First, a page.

Stephanie Van Hook shared this video about leadership.
The basic lessons from this enjoyable video are:
1. Don't be afraid to do what you think is worth doing.
2. Don't be afraid to join someone doing something unpopular but worthy.
3. If someone joins you, embrace them.
4. Encourage others to join you.
5. Treat everyone as equals.
6. Don't glorify leadership.
7. Feel good about following.
When the Berrigan brothers burned draft cards, it came out of a new paradigm. They had a few followers--seven of them--and when they went into the Catonsville, Maryland draft board on 17 May 1968 they did an action so bold, so exciting, so new and so powerful, that they went from lone nuts to leadership.
Dozens of other individuals or groups across the US emulated them. Their model became known as the draft board raids. The Minnesota Seven, the Milwaukee Fourteen, the Camden 28, and many more groups piled on, helping to grind the Selective Service to a crawl.
Phil was the team captain, square-jawed and athletic, a nonviolent John Brown battling the forces of evil with uncompromising good, on the offensive and then standing resolute and ready to take the consequences. I just called him the Sargent Rock of the movement. No Fear. Never Back Down.
Daniel was the pixie literati, adroit and playfully prayerful, offering metaphor and perspective, the leader who transformed the model to poetry and used language like the nonviolent rapier. It was he who best told us why all of them took their actions.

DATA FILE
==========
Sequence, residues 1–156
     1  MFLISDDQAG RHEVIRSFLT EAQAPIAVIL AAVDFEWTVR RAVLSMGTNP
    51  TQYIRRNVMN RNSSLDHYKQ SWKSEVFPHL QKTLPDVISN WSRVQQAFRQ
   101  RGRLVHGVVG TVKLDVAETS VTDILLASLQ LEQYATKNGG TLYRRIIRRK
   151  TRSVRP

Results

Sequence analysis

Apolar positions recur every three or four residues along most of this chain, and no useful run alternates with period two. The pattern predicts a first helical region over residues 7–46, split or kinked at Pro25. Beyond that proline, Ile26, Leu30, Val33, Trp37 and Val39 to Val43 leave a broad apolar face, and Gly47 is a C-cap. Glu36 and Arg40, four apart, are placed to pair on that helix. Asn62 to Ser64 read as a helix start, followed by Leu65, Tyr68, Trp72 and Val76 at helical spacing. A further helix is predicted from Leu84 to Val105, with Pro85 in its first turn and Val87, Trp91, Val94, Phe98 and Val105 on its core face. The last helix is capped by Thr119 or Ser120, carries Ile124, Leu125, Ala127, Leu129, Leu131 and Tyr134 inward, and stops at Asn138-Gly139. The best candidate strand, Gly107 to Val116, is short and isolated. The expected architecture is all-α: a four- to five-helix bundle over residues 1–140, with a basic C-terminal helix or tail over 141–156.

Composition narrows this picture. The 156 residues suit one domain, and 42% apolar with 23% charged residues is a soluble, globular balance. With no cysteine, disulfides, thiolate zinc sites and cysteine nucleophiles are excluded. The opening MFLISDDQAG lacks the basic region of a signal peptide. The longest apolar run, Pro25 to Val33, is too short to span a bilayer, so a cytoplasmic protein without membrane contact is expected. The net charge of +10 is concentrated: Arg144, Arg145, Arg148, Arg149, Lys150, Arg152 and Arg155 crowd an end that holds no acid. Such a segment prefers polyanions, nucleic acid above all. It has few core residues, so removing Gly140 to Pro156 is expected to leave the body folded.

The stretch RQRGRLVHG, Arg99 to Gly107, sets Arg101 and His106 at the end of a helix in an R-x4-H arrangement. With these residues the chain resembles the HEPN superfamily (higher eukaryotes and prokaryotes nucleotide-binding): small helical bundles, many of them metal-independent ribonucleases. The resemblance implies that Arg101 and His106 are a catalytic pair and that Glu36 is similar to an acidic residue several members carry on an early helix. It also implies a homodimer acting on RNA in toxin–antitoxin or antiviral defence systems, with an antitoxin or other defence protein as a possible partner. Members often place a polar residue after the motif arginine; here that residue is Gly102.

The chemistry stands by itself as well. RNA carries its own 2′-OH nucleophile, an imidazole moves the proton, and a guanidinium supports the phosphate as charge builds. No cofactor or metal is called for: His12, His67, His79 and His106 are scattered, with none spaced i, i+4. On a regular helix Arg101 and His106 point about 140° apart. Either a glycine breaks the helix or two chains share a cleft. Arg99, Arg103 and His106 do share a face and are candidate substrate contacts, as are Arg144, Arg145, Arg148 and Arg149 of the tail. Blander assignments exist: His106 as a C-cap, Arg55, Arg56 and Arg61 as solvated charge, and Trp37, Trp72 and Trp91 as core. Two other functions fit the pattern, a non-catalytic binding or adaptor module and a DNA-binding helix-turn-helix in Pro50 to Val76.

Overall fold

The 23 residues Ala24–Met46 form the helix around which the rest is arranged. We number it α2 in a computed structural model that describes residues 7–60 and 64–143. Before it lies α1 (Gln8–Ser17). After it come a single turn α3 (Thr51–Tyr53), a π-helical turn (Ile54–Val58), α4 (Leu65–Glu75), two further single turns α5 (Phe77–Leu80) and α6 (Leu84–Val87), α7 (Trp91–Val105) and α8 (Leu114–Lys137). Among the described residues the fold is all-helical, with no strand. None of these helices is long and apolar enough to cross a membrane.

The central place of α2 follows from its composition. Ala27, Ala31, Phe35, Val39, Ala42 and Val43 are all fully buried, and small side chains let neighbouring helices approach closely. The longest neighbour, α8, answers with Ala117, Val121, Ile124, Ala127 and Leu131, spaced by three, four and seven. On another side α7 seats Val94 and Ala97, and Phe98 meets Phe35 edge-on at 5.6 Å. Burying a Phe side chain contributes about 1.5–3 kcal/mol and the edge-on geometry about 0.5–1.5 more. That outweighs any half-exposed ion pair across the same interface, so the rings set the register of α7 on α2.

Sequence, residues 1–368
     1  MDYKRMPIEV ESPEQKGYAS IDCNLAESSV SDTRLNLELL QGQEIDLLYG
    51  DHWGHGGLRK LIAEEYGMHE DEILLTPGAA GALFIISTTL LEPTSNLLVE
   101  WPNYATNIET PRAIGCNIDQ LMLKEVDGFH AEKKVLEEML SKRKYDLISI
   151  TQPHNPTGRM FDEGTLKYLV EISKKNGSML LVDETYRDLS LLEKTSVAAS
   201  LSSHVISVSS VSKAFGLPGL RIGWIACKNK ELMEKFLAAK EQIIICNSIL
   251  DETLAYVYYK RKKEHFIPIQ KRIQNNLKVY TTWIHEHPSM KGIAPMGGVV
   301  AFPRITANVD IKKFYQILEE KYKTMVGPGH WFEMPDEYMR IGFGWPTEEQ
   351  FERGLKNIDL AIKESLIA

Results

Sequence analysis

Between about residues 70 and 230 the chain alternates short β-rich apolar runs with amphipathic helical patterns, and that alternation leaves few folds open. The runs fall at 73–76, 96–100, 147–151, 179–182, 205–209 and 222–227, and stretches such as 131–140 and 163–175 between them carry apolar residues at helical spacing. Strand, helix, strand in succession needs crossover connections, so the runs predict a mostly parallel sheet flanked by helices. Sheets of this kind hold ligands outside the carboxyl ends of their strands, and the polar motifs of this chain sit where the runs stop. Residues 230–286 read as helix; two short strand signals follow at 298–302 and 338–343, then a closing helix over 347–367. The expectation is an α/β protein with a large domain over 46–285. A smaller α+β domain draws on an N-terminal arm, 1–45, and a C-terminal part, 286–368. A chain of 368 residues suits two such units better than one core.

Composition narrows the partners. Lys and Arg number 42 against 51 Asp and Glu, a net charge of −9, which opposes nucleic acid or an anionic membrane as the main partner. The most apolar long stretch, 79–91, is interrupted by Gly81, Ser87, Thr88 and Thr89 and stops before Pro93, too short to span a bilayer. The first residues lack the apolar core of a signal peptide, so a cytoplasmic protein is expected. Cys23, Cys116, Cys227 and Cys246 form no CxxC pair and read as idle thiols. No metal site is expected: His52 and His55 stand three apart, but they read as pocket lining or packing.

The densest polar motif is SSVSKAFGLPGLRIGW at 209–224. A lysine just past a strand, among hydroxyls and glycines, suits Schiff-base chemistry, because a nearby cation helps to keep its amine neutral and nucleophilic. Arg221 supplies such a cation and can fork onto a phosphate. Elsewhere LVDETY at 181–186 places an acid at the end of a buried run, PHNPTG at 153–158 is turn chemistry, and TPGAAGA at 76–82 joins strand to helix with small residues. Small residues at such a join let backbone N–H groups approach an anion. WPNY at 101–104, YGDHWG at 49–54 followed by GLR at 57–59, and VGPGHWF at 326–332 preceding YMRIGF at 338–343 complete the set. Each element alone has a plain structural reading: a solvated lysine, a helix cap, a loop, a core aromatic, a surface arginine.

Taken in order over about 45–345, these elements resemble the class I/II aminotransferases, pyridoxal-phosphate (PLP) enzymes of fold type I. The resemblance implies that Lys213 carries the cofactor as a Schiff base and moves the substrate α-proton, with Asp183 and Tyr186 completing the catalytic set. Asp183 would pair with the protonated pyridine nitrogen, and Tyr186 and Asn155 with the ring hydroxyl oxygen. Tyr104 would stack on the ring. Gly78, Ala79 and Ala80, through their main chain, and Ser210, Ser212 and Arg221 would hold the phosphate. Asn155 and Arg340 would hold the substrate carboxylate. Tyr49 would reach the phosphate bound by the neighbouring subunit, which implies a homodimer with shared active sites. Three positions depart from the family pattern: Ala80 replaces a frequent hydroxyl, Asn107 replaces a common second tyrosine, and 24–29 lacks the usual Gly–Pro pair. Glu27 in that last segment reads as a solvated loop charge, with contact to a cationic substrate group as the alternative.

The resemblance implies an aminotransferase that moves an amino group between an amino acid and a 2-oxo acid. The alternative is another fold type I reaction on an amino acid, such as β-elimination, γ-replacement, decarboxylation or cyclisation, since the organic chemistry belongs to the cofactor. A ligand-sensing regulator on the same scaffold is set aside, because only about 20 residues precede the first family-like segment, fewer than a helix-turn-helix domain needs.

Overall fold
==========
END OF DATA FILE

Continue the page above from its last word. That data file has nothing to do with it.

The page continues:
Together they complemented each other and offered an invitation that so many could not resist.
Twelve years later, they did it again, on a different expression (nuclear weapons) of the same evil (war and militarism), when they went into a bomb factory in Pennsylvania and hammered on the nosecone of a warhead, hammering that nuclear sword into a plowshare. It was real and it was symbolic and it was a metaphor, once again, we could all understand.
The Plowshares Eight
There have now been more than 100 Plowshares actions around the world, but more importantly, those actions have themselves often started or enhanced mass movements that really have made progress in fighting war and the weapons of war. One of my favorites was Stephen Hancock's at Molesworth AFB in England, when he wore Micky Mouse ears "to present a friendly silhouette."
"If I can't dance," said Emma Goldman, "I don't want to be part of your revolution."
The dance for peace and justice continues...
Phil kept up the beat until his 2002 death at 79.